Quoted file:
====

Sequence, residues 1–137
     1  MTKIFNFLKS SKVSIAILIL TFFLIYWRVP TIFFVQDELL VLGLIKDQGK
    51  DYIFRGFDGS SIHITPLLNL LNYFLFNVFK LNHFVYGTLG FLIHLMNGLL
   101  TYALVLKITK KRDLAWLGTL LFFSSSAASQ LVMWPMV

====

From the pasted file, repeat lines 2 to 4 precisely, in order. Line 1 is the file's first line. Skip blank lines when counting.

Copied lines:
     1  MTKIFNFLKS SKVSIAILIL TFFLIYWRVP TIFFVQDELL VLGLIKDQGK
    51  DYIFRGFDGS SIHITPLLNL LNYFLFNVFK LNHFVYGTLG FLIHLMNGLL
   101  TYALVLKITK KRDLAWLGTL LFFSSSAASQ LVMWPMV